Monday, December 27, 2021


First published in Festive Star 2019 


ON April 15, 1824, a ship was sold at auction at the Old Custom House Quay in Waterford. What made the sale of this sloop unusual was the seller, the Revenue Service.

Revenue had seized the aptly named smuggler “The Active” and she was to be sold for running contraband into Ireland. However, these Revenue sales were often not the end of a ship’s smuggling career, one smuggling lugger, the L’Aloutte, was sold at auction on three separate occasions, her owners buying her back each time.

When people think of smuggling the Kentish coast and stories such as Jamaica Inn by Daphne du Maurier come to mind. However, in the 18th and 19th century smuggling was rife along Ireland’s rugged coastline with somewhere between 30-50% of some goods (such as tobacco) being brought into the country illegally.


‘Along the Waterford Coast placenames such as Pól an Tábac and Pól an Airgid (the tobacco cliff and the money cliff ) hark back to the days of smuggling’


I have always had an interest in history and several years ago I happened to read an obscure report by Revenue to the British Parliament from 1824. It detailed the establishment of the Coastguard whose primary role was to combat smuggling. The report explained that the only place in Ireland where the Coastguard encountered difficulty establishing a presence in Ireland was Ballymacaw, Co Waterford. My interest was piqued when I read that smuggling was occurring here at “an unprecedented and unbelievable scale”. The report went on to mention that every available house in the area was under the control of local smugglers and no house was available to rent while they built a coastguard station. The Coastguard had to resort to anchoring a ship off Ballymacaw bay while construction of a station could take place. From reading these reports and examining old newspaper reports it quickly became obvious that smuggling in Ireland had taken place on a similar scale to the English coast.

By their nature researching any criminal activity is difficult. Smugglers don’t tend to keep diaries and there is little existing physical evidence of this trade. The records of organisations such as the Coastguard are invaluable and in some areas the smuggling history has slipped into local folklore. This can be seen along the Waterford Coast with placenames such as Pól an Tábac and Pól an Airgid (the tobacco cliff and the money cliff ) being found along the Waterford Coast harking back to the days of smuggling. Of course every coastal community has legends about smuggling and a nugget of truth is often found in these local stories.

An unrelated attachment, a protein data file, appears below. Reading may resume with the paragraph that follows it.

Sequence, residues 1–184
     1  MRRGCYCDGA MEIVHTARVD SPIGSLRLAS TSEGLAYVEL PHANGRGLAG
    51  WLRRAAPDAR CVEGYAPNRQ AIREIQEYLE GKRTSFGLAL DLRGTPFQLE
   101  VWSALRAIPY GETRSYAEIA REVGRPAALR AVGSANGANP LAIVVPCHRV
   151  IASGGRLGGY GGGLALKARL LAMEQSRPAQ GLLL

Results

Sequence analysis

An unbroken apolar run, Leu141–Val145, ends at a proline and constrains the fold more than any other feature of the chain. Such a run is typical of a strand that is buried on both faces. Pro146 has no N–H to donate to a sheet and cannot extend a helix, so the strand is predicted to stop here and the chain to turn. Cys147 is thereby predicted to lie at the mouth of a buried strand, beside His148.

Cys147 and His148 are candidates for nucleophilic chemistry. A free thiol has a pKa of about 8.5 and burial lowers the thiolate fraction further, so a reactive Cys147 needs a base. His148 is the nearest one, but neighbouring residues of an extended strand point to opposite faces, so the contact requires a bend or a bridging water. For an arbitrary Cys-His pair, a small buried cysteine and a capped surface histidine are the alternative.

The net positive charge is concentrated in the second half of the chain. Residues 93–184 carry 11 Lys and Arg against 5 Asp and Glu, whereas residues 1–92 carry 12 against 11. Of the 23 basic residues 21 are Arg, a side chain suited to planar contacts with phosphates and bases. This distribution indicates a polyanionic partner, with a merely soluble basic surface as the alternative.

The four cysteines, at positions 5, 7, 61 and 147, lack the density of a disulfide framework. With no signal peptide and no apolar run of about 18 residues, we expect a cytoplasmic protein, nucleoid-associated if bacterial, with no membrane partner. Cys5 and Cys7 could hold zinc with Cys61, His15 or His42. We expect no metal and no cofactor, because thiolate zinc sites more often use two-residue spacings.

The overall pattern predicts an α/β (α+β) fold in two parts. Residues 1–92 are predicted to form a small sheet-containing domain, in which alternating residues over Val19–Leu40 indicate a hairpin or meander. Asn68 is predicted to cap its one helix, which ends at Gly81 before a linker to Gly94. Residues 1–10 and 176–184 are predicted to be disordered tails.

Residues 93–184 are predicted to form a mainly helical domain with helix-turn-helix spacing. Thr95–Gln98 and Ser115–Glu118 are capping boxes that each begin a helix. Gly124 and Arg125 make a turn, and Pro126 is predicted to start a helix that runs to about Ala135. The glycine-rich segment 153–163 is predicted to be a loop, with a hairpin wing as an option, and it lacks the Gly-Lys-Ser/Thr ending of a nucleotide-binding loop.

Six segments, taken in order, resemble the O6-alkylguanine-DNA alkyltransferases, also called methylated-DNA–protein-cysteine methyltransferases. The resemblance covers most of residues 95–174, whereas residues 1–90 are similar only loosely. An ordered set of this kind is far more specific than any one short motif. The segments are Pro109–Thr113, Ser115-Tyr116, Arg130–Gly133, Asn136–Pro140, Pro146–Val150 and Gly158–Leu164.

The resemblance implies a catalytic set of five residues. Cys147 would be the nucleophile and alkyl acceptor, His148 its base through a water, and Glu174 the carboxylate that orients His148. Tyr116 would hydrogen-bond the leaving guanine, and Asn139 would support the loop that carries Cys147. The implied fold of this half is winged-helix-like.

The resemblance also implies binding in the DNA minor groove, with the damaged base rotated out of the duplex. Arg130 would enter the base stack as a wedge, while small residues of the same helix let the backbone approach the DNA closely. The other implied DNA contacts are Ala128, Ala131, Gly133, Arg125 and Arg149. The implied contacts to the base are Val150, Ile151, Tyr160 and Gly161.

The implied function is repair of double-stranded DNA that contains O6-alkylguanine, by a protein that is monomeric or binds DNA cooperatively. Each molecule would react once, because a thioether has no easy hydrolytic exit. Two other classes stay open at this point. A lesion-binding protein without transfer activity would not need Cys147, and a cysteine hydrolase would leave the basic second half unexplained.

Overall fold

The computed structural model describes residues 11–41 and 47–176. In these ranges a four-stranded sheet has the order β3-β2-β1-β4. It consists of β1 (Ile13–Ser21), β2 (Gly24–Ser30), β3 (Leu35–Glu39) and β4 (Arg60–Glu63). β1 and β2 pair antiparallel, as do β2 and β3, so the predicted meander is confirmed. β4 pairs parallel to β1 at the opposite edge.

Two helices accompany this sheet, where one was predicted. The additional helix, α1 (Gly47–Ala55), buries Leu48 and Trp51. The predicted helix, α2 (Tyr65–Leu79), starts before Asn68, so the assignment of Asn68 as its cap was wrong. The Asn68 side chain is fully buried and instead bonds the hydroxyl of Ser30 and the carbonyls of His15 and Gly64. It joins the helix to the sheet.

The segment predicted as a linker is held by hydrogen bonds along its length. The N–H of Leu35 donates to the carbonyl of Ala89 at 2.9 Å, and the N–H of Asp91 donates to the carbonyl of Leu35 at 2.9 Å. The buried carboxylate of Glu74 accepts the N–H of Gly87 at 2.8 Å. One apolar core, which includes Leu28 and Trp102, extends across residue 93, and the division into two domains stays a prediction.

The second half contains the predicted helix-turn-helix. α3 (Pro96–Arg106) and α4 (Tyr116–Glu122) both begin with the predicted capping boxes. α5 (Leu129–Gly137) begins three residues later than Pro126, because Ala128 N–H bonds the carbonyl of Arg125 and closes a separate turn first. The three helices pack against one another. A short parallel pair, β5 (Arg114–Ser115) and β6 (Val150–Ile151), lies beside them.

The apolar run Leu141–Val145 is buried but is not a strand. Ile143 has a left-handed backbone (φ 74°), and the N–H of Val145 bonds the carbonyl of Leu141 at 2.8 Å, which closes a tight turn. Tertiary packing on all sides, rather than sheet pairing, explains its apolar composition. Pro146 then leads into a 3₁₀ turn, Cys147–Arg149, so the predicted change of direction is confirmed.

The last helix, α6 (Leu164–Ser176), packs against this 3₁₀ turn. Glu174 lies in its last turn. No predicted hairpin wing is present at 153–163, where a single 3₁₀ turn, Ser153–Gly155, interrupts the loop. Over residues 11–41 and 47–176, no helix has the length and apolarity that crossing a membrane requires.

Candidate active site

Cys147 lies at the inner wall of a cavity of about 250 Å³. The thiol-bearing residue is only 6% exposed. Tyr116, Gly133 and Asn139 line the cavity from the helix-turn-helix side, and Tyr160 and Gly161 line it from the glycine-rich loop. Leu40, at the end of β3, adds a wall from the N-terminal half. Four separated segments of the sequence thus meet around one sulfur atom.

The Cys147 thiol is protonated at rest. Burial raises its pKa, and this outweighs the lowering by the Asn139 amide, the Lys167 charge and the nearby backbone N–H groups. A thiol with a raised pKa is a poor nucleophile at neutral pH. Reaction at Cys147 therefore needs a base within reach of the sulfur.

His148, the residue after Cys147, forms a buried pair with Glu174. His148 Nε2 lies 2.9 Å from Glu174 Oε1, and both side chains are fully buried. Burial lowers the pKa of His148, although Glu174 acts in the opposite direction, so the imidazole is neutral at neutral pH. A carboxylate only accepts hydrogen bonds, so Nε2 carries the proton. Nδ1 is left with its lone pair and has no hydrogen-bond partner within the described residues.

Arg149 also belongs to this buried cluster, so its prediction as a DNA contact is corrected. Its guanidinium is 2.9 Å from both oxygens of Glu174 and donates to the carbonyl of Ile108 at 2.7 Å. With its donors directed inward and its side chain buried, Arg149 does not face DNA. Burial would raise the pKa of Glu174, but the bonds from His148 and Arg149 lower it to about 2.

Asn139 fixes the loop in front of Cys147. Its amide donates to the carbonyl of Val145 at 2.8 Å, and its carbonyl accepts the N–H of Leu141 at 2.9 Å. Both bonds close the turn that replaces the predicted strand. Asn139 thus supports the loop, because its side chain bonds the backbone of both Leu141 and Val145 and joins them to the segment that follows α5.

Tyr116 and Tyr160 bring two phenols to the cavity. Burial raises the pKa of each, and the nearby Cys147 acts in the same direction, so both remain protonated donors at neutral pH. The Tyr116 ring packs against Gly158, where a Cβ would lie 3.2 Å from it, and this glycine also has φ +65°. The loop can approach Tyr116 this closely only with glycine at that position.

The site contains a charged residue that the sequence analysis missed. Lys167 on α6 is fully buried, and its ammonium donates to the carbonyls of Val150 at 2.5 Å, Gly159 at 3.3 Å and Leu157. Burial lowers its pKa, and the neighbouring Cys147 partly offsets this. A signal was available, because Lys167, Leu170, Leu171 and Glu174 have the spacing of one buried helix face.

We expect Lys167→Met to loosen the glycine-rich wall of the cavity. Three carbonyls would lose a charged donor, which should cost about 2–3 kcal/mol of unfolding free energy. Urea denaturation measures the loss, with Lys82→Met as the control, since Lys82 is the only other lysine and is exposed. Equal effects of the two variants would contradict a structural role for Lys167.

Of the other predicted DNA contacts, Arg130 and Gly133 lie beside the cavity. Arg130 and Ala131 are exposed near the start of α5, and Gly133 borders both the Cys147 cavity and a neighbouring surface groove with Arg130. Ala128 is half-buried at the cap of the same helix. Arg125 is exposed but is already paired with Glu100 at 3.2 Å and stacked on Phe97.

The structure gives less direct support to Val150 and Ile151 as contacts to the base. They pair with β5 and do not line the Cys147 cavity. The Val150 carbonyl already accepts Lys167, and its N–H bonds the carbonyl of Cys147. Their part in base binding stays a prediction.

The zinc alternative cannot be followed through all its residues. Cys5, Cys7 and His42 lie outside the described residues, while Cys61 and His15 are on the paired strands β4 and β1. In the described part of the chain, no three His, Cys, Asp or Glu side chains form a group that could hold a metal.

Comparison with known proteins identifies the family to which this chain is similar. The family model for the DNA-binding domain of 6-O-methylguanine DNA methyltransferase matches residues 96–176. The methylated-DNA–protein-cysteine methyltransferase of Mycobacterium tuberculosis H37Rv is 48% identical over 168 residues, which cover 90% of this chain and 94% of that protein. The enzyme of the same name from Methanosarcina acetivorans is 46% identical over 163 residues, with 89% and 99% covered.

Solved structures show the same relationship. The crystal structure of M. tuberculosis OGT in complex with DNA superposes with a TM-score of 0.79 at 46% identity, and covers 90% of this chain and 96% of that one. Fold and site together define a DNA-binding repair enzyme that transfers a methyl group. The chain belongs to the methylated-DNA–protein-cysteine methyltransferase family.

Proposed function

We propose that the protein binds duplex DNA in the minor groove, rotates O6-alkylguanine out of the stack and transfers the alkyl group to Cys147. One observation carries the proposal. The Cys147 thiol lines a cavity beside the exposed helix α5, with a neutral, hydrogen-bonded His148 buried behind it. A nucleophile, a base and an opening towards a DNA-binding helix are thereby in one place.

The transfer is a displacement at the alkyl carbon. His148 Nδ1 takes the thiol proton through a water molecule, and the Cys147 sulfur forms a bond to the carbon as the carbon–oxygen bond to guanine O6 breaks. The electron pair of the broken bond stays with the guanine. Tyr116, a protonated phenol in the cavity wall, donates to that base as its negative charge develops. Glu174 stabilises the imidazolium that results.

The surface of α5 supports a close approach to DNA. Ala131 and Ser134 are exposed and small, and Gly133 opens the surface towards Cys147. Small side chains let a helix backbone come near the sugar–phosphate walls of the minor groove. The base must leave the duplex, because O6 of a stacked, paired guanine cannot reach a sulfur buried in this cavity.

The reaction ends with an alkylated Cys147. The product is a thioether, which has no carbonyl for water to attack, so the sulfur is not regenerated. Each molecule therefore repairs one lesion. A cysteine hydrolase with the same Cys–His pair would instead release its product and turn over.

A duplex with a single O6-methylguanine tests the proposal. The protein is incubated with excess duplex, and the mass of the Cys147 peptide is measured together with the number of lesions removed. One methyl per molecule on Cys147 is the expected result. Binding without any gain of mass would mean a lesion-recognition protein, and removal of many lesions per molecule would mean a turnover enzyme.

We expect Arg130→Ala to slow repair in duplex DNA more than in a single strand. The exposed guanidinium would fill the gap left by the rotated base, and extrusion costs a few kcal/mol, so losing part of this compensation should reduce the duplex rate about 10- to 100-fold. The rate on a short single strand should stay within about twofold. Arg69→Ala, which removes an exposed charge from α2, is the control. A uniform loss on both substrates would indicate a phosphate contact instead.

Strict economic policies

As a colony smuggling in Ireland was directly linked to the economic policies of empire. In the 17th Century in a bid to protect and boost the home woollen market the English government passed the Woollen Acts, a series of laws that served to increase tariffs on Irish and French wool imported into England. These acts even included a clause that every Englishman buried had to use an English woollen shroud (the only exception was for plague victims who could use Irish wool). These acts caused an explosion in wool smuggling from Ireland and France into England. These unintended consequences were repeated with the passing of the Salt Acts which drastically increased the price of salt in England. Overnight the men of the Cornish & Kentish fishing fleets were reduced to penury as they couldn’t preserve their catch and the fishermen were left with little option but to join the smuggling trade.

In Ireland one of the first written mentions of smuggling dates from 1677 when James Butler, the Lord Lieutenant of Ireland, issued a decree ordering boats at Waterford to be searched “as considerable quantities of wool have been fraudulently exported out of this kingdom from obscure places under false package”. The difficulty, however, with smuggling commodities such as wool is their size to value ratio. However, this problem would soon change as taxation shifted away from bulky commodities towards consumer goods.

Throughout the 18th and 19th Century England and Great Britain found itself more or less constantly at war and these wars were funded by vastly increased taxes on luxury goods such as tobacco and spirits.



In his report to parliament in 1824 Sir James Dombrain explained how large scale smuggling runs worked. He had visited a shop in Annestown, Co Waterford, and purchased a ticket for an upcoming run. Dombrain was shocked with the brazenness of the operation, the system of tickets entitled the purchaser to a half bale of tobacco when the ticket was shown on the beach on the night the tobacco was landed.